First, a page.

The Fairfax County Board of Supervisors sent a list of dozens of issues it would like VDOT to address before kicking off the construction later this month. Many residents are up in arms already about trees VDOT and Fluor-Transurban have cut down, even though the actual project has not started.
“That was the tip of the iceberg of a project that has been pretty non-controversial to date because of a lack of information. We are going to start hearing from more people,” said supervisor Jeff McKay (Lee), head of the board’s transportation committee.
THE HOT LANES project is set to expand the Beltway from eight to 12 lanes, with two new toll lanes in each direction from the Springfield interchange to just north of the Dulles Toll road near the American Legion Bridge. Buses, motorcycles, emergency vehicles and cars with three people or more would use the HOT lanes for free All other motorists can opt to pay a toll that will vary by the level of congestion to travel in the new lanes.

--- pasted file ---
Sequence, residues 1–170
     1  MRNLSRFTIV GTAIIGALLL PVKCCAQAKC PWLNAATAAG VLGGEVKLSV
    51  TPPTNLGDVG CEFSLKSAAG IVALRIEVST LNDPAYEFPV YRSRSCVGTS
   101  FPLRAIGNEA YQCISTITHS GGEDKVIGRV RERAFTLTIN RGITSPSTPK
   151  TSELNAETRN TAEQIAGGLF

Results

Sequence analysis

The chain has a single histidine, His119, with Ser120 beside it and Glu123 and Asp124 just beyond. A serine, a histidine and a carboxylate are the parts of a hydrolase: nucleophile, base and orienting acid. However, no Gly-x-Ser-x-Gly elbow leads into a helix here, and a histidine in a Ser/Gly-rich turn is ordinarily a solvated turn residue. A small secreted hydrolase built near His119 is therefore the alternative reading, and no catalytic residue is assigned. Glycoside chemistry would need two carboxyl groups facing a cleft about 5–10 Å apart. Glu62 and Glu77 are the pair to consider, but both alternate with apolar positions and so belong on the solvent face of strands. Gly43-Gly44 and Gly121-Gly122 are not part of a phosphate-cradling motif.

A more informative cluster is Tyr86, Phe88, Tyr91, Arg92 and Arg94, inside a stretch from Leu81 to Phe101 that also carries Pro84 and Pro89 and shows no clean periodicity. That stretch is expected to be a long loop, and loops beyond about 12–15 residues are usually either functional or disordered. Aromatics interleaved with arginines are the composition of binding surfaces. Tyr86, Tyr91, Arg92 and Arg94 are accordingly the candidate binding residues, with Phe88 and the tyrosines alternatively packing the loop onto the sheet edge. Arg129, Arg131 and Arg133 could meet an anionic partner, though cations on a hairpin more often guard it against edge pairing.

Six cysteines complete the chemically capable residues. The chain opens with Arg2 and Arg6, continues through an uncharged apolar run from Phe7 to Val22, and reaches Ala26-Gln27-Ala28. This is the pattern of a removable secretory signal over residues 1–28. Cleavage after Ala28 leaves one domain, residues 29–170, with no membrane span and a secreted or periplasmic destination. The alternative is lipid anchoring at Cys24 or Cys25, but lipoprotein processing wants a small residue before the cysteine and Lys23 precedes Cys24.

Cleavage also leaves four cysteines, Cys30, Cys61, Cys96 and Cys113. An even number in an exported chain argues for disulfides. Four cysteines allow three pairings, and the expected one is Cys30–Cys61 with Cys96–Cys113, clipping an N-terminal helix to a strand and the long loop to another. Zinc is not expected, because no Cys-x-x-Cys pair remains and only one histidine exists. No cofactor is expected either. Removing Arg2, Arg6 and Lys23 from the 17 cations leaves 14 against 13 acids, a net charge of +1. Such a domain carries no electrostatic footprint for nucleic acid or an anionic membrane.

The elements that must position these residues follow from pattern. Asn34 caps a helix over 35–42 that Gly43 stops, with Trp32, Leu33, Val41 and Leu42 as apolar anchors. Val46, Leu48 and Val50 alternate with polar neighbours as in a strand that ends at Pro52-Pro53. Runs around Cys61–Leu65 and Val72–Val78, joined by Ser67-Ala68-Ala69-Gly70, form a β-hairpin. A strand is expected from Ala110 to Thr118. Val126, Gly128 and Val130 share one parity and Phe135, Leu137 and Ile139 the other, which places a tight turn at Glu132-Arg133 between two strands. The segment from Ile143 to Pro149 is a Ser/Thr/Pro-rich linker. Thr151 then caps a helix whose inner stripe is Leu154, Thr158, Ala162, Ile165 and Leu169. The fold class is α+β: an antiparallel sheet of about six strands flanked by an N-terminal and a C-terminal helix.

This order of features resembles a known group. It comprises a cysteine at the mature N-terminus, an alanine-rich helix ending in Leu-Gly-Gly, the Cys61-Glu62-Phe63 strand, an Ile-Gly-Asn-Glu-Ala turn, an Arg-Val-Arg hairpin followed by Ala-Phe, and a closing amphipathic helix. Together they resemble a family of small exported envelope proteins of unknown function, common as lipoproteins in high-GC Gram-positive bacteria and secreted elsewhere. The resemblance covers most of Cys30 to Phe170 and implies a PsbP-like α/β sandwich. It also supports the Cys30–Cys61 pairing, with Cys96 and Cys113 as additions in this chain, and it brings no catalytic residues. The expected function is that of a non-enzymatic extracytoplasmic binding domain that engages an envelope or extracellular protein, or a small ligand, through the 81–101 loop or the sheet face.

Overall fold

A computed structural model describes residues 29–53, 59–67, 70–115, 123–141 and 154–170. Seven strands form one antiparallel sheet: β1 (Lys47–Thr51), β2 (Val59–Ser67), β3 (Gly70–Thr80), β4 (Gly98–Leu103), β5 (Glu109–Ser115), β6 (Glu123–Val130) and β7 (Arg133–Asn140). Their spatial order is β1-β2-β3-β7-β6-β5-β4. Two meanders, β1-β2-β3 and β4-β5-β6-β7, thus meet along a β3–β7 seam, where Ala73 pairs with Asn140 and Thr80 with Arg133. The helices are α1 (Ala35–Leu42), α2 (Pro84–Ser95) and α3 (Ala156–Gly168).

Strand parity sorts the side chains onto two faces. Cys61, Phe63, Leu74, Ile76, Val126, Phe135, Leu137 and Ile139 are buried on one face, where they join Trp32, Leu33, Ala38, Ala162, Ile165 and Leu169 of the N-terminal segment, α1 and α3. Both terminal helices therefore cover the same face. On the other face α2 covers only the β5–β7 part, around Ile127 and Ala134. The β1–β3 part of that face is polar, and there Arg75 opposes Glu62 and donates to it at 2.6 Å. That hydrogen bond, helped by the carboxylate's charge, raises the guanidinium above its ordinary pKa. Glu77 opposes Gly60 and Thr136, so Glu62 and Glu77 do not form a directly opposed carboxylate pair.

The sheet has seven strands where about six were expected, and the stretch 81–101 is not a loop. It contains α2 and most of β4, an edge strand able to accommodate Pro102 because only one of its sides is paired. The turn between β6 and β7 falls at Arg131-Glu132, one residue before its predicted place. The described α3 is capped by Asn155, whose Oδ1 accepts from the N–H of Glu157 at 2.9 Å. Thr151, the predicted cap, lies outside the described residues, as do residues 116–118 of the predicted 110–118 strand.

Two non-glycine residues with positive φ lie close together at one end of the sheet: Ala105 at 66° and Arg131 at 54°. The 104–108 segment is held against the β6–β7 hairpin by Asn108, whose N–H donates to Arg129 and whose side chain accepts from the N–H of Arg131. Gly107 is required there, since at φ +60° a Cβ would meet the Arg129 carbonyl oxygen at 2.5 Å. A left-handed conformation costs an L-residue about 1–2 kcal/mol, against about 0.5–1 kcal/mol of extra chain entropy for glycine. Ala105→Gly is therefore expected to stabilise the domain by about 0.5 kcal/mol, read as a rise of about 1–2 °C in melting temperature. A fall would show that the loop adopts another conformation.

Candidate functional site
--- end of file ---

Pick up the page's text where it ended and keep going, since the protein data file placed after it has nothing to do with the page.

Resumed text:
The lanes will cost an estimated $1.4 billion in total, with Virginia paying for approximately $400 million and the federal government covering $587 million through a grant. Fluor-Transurban, an Australian company, will provided the rest of the financial backing in exchange for being able to collect and keep all the HOT lanes tolls for the more than 50 years.
The project is appealing for some people because it could allow for mass transit — buses — to move along the Beltway , although the project does not provide any transit or buses. “I am not an enormous proponent of the concept of HOT lanes to begin with but we have to have mass transit on the Beltway,” said McKay. The highway expansion also comes with $250 million worth of upgrades to the Beltway’s aging infrastructure.
VDOT and Fluor Transurban have committed to replacing more than 50 bridges and overpasses, replacing and adding new sound walls, and up grading 12 of the interchanges along the HOT lanes stretch of the Beltway.
But even people who support the HOT lanes expect the project’s construction to cause a lot of pain over the next several years. “I do think the pay off is going to be worth it in the end but that end is a long way out,” said supervisor John Foust (Dranesville), who represents McLean, Great Falls and Herndon.